Reconditioning and retrofitting: include recommendations and timetables for
reconditioning or retrofitting existing walkways that do not meet review and acceptance
Maintenance standards and procedures: How often surfaces should be cleaned,
resurfaced, replaced and procedures for meeting maintenance standards.
Inspections, audits, tests and records: List of inspections, audits and tests that will be
done, how frequently and where. Record of results.
Employee footwear program: Specify type of footwear for employees who work on different
types of surfaces.
Defense methods for legal claims: Outline of company’s legal defense to show that the
company was not negligent (slip and fall prevention program).
Measurement of results: Explain how the program will be evaluated, and how often. Record
of results of evaluations.
Trigger Height Controversy over OSHA’s Fall
Protection Standards for Construction
• OSHA’s current Fall Protection Standard sets
the trigger height at 6 feet. This means that any
construction employee working higher than 6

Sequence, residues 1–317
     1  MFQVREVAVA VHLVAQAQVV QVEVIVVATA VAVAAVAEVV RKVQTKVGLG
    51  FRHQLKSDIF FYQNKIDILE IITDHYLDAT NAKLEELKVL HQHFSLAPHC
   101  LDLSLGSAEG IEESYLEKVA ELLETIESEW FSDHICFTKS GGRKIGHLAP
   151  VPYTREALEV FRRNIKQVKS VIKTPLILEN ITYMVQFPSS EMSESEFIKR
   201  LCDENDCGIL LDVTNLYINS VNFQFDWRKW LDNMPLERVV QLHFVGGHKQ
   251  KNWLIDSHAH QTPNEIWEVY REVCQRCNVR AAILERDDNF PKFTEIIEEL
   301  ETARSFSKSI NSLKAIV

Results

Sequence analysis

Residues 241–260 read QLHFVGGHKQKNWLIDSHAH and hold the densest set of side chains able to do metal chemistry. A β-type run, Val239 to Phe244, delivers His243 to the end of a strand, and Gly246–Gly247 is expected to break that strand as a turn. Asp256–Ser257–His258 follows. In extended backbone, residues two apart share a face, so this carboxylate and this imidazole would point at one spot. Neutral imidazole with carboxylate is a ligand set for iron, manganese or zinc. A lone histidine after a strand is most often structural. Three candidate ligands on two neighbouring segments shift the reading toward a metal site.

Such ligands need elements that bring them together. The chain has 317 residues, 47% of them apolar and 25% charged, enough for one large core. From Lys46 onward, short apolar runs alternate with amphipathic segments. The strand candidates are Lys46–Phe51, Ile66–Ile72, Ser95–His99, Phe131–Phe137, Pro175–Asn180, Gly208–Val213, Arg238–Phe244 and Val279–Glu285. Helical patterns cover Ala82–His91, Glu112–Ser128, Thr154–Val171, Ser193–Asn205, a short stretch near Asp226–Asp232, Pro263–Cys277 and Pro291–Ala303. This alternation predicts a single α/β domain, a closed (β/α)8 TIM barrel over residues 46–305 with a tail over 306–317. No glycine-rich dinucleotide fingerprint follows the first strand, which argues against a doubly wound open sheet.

feet off the ground must use a fall protection
device such as a safety harness and line.
• The trigger height means that virtually every
small residential builder and roofing contractor is
subject to the standard. Because most
residential builders and roofing contractors are
small, subpart M of 29 CFR 1926 is a source of
much controversy.
Requirements for personal fall arrest system
in OSHA 1926.451[d][16]
• Personal fall arresting systems, when stopping a fall shall:
• Limit maximum arresting force on an employee to 900 pounds when
used with a body belt.
• Limit maximum arresting force on an employee to 1800 pounds
when used with a body harness.
• Be rigged such that employee can neither free-fall more than 6 feet
nor contact any lower level.
• Bring an employee to a complete stop and limit maximum
deceleration distance an employee travels to 3.5 feet.
• Have sufficient strength to withstand twice the potential impact
energy of an employee free-falling a distance of 6 feet or the free fall
distance permitted by the system, whichever is less.
What is a Lanyard
• A lanyard is a flexible line of rope, wire
rope, or strap that generally has a
connector at each end for connecting the
body belt or harness to a deceleration
device, lifeline or anchorage.
OSHA’s recommendation for
effective fall protection
Slip and fall injuries account for approximately one million workplace injuries
every year.
Have a plan: An organization should develop a written fall protection plan that
contains a statement of commitment from both management and employees,
rules and regulations relating to fall protection, and explanation of the training
programs and training requirements.
Establish proper fall protection requirements: Require the use of fall protection
equipment anytime an employee works more than 4 feet above the floor in